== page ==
The Unusual Suspects – The Daniel Roth Masters Chronograph is a masterful piece by a legendary watchmaker for under $10,000Borna Bošnjak
High-end, independent watchmaking has become difficult to come by in recent times, as many have begun to realise that paying huge mark-ups on mass-produced watches isn’t that cool. The problem is, however, that even when you do discover a niche independent that produces something that you like, it’s increasingly common that they already have a waitlist a few years long. But what if I told you that you could pick up an automatic, hand-finished chronographs with gorgeous guilloché dials, made by a legendary watchmaker that jointly created an instantaneous perpetual calendar with Philippe Dufour – for less than US$10,000? That’s where the Daniel Roth Masters Chronograph comes in.
On the maker
Descending from a line of watchmakers, Daniel Roth cut his teeth at Audemars Piguet and Breguet, after completing a diploma at a watchmaking school in Nice. His influence was particularly notable at Breguet, where he worked closely with movement supplier Lemania, fitting co-developed movements into the ref. 3237/3230 Chronograph, while finely finished Piguet 71 movements found their way into the ref. 3050 Perpetual Calendar. He also adapted two famed Breguet pocket watches into wristwatch forms, including the predecessor of the recently updated Classique 7337.
The year 1988 was significant both for Daniel Roth and the Breguet brand. As his magnum opus, Daniel Roth would develop the ref. 3350, the first-ever tourbillon watch produced under the Breguet name. Such a feat, paired with the fact that Breguet flourished under Roth’s leadership, would make you think that the future was bright, particularly considering how special of an achievement this was in the late 1980s. However, a scandal involving over $100 million in debt by the Chaumet brothers, who were caught unaware by spiking diamond prices, meant bankruptcy and the sale of the Breguet name to Investcorp in 1987. The following year, Breguet released the ref. 3350, while the master watchmaker that created it left the brand.
This wasn’t the end for either master or the ref. 3350, as Daniel Roth set up his eponymous brand the very same year in Le Sentier. Production began swiftly, with a dozen watchmakers in his employ and a series of time-only and complicated watches released in a short couple of years. The Frederic Piguet 71 calibre made a return in the C107 Extra-Plat, graced by a solid gold guilloché main dial, which, along with the iconic double ellipse case, became a Daniel Roth signature. This first series also contained a two-register, manually wound chronograph, the reference C147. As you can see from the example above – it’s absolutely stunning. The blued arrow hands contrast against the clous de Paris guilloché salmon dial, while the white-gold case employs rose-gold pushers and crown. Powered by a Lemania 2320, it’s one of many examples of Roth’s love of Lemania calibres, shown off in skeletonised examples of this very same watch. This isn’t the chronograph in question however, as, being an early Daniel Roth creation, examples of the C147 are still underrated, but certainly not a bargain.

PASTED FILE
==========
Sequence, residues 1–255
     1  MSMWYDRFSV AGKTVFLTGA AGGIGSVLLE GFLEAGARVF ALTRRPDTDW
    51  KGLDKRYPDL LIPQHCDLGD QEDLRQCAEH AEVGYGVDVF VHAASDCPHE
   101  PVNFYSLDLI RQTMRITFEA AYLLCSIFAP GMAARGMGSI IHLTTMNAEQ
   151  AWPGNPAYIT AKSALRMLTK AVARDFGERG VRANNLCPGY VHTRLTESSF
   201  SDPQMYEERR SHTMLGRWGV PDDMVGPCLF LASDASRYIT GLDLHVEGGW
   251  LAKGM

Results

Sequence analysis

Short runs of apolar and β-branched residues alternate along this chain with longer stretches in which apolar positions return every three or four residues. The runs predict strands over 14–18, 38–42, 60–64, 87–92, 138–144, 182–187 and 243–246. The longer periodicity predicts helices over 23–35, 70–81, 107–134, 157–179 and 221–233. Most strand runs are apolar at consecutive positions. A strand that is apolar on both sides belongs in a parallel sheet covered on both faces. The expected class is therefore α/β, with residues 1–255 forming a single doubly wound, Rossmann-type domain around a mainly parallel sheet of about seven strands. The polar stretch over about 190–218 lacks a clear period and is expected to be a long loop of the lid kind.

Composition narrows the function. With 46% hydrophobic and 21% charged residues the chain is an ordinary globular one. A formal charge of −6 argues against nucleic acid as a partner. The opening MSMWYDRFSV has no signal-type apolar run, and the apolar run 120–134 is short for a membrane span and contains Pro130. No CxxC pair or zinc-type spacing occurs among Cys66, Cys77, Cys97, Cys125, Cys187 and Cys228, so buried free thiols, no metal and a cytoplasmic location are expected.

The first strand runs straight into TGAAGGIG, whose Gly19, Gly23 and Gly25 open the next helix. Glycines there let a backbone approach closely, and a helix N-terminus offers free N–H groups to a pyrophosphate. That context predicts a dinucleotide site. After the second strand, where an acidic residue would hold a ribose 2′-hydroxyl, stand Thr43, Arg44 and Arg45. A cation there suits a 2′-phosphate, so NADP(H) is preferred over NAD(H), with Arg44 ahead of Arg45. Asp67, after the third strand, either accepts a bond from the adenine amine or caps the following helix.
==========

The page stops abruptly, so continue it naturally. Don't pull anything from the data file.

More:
The brand’s holy trinity were certainly the C117 Perpetual Calendar, C187 Tourbillon and C189 Minute Repeater. For the tourbillon, Roth again used the Lemania-derived calibre originally developed during his Breguet days, while the minute repeater and its Lemania 389 are basically unicorns, with less than a handful produced, and almost never seen in public. The most interesting of the three, in my opinion, is the C117 perpetual calendar. Remarkably complex in its finishing, the C117 was somewhat of a failure, as it was conceived to be the world’s first instantaneous perpetual calendar. However, the initially suggested aperture display required too much power, and was replaced by two sub-dials with teeny hands. The difficulty in its execution is even more evident when considering it was co-developed with up-and-coming young watchmaker Philippe Dufour. Wonder what he’s up to these days.